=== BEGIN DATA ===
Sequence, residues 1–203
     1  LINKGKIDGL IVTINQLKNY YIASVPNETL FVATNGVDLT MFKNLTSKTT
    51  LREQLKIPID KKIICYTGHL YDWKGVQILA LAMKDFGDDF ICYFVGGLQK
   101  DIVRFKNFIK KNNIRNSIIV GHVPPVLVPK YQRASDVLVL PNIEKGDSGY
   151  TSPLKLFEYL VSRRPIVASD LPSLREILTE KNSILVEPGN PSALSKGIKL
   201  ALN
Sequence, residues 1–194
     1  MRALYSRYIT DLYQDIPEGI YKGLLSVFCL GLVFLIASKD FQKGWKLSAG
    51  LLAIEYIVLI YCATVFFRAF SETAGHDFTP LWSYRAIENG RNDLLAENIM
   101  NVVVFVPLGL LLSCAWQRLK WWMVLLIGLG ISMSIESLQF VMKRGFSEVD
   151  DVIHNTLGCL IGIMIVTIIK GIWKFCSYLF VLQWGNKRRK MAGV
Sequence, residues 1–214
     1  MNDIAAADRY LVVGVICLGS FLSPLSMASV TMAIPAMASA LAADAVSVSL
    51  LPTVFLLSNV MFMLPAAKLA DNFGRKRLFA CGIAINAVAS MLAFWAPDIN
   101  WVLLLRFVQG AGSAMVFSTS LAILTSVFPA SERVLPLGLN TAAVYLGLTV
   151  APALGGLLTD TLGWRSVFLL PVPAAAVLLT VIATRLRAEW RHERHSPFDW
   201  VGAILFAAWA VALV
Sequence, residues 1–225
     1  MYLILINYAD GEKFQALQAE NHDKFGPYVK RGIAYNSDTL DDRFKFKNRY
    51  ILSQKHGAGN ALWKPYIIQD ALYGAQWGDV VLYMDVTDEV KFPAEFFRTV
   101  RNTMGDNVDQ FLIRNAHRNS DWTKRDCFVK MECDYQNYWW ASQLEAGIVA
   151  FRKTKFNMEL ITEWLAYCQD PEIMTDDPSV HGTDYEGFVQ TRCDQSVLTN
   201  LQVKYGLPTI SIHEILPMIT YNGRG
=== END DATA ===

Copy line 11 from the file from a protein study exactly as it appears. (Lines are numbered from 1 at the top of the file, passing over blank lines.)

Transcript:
   151  DVIHNTLGCL IGIMIVTIIK GIWKFCSYLF VLQWGNKRRK MAGV